Dear People of God in the Diocese of Vermont,
The diocesan Restart Team has developed the following five-phase plan for returning to in-person worship across our diocese. This plan takes into account the Centers for Disease Control’s guidelines for faith communities as well as guidance from the Vermont Department of Health and the Vermont Agency of Commerce and Community Development.
We are currently in Phase 1 of this plan, with our buildings closed and in-person worship suspended. But beginning today, congregations may begin to develop and then submit plans for Phase 2, which allows for building use by clergy, staff and wardens only. Once a plan for Phase 2 has been submitted, approved and implemented, a congregation may submit its plan for Phase 3, which allows for in-person outdoor worship. Essential feeding programs continue to be permitted at every phase of the plan. Other outside groups, such as 12-step recovery, may not take place in church buildings at this stage.
I will communicate with the diocese when we are ready to accept plans for Phases 4 and 5. This timing will be based on advice from medical and public health experts. As you are likely aware, Vermont is one of twenty-one states that recorded an increase in daily new cases last week. It is clear that the spread of this virus remains an active concern. While we may see other local institutions choosing a different or more accelerated approach to reopening, our Christian commitment to protecting the most vulnerable calls us to remain as vigilant as possible.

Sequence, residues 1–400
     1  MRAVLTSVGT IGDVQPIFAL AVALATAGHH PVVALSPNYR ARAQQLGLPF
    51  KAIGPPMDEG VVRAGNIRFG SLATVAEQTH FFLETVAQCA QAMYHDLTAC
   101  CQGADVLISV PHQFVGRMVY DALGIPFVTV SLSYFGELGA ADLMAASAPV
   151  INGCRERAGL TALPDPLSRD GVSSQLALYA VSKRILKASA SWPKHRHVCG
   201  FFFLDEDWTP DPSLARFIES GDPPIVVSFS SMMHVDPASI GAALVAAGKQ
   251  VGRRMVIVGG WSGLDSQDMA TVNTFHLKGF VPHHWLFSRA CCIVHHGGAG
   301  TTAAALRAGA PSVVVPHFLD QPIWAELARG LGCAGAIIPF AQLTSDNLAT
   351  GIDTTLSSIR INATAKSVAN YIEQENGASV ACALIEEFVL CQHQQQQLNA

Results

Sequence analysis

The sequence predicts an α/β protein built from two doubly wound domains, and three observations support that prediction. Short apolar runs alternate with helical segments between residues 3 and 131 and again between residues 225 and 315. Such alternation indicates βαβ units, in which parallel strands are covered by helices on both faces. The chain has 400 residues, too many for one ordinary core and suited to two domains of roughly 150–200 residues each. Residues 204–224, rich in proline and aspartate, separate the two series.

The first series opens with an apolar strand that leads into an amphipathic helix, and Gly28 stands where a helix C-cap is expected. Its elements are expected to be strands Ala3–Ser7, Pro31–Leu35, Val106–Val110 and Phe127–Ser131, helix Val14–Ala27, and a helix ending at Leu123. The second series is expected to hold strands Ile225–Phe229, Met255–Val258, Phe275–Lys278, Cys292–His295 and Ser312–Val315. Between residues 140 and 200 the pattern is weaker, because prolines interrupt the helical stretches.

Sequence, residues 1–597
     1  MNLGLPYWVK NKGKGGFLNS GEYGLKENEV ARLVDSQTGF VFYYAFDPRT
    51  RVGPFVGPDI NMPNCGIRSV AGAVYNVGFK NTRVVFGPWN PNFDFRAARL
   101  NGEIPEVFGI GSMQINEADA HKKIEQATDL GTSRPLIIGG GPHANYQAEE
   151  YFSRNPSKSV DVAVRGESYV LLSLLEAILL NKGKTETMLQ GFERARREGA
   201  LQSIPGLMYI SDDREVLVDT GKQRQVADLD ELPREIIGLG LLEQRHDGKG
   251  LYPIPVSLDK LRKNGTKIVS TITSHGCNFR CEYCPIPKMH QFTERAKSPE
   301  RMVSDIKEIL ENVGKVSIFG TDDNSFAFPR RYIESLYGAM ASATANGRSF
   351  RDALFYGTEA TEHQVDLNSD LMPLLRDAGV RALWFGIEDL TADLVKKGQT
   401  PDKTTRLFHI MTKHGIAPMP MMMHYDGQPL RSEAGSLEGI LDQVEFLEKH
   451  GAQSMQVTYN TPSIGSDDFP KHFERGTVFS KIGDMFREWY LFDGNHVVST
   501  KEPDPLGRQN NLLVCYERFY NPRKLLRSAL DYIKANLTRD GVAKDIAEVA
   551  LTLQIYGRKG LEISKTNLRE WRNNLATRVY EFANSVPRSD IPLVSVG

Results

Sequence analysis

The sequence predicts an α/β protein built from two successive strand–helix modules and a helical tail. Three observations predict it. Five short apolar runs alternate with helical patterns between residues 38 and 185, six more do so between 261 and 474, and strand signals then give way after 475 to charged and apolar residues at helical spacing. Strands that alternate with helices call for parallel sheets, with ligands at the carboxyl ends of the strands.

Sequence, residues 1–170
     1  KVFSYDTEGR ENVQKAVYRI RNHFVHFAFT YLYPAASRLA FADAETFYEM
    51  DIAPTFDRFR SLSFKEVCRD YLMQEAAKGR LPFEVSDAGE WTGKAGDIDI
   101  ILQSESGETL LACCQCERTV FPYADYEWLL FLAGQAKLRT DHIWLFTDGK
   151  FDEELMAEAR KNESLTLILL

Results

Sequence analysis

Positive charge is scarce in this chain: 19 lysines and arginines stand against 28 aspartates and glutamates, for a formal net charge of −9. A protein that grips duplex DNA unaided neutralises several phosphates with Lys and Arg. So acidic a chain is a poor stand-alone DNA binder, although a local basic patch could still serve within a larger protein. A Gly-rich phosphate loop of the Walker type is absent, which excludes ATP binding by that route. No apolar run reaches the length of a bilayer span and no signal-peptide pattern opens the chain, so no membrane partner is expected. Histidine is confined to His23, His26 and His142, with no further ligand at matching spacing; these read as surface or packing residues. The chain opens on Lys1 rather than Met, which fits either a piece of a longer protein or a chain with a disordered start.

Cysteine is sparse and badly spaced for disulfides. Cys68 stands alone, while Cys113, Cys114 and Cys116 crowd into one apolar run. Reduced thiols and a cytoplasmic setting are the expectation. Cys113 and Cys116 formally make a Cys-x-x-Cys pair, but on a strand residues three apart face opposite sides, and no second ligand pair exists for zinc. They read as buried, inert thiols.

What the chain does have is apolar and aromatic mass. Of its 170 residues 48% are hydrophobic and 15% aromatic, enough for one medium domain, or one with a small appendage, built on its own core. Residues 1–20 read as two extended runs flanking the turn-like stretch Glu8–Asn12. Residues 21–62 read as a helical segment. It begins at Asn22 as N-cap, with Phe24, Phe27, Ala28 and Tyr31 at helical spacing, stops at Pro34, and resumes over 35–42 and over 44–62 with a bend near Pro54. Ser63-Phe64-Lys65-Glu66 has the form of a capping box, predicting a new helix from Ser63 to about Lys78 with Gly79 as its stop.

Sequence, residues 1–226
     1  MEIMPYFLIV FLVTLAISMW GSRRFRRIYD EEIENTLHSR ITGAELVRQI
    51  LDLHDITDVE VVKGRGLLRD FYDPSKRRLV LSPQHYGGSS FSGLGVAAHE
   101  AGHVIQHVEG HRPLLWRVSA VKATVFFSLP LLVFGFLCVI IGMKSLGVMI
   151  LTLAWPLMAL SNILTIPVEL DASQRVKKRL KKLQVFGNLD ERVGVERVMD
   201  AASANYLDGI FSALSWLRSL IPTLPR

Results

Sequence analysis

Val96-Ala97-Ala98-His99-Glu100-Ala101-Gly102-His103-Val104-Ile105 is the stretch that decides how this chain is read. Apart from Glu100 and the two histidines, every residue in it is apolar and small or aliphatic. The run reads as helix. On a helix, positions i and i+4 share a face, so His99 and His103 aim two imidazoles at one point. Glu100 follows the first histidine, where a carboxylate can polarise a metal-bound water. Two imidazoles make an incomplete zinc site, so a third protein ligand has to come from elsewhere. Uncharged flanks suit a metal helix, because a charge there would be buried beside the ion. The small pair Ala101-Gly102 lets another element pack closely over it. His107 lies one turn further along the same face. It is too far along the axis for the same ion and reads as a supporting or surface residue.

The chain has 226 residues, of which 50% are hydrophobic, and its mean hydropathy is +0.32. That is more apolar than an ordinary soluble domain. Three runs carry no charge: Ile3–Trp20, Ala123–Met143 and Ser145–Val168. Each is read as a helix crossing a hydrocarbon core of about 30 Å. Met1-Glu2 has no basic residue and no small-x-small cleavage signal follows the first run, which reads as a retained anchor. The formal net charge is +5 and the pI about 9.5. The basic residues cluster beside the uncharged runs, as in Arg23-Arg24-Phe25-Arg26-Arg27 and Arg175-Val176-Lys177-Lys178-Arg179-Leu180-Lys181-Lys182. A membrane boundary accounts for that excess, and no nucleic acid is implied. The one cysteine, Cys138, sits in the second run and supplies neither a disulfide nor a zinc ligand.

The Centers for Disease Control and the Vermont Department of Health continue to advise people 65 and older, and those with underlying medical conditions, to remain at home. I endorse this advice for all Vermont Episcopalians, including clergy serving in congregations.
Given the age of many of our congregants and clergy, and the cost and effort required to meet the necessary cleaning and distancing requirements, I am aware that some congregations may choose to continue worshipping and gathering exclusively online until a vaccine has been developed or the virus is demonstrably under control. I fully endorse this decision.
I have been praying with members of our diocese during twice daily Zoom worship services since mid-March. This experience has demonstrated to me that online worship can truly be an experience of worshipping in community. When I sign onto Zoom worship, I enter church – it is as simple as that. I see familiar faces on my screen and hear the familiar voices of those who dial in from landline phones each day. We settle into the familiar pattern of our liturgy and we pray together for our loved ones and for the concerns of the world around us. While I know we would all prefer to be gathering in person in our buildings, these digital tools allow us to continue to experience Christian community in real and meaningful ways as a diocesan household and as individual congregations. Make no mistake — if you are providing online worship and remote gathering, your church is open.
When our churches first canceled public in-person worship in March, I wrote that I hoped we would continue to worship and minister together as the Body of Christ, to take special care of those among us who find themselves most isolated, to remain in touch regularly and to make sure congregants have their most basic physical and spiritual needs met. It is clear to me that you have done this and more during these last three months.
Whether your congregation submits its plan for Phase 2 as soon as possible or intends to remain in Phase 1 for some time, please know that we are all the Body of Christ and we are all still church. I thank you for your resilience and for your creativity in following Jesus and embodying the hope and love of God in this time.
Peace and blessings,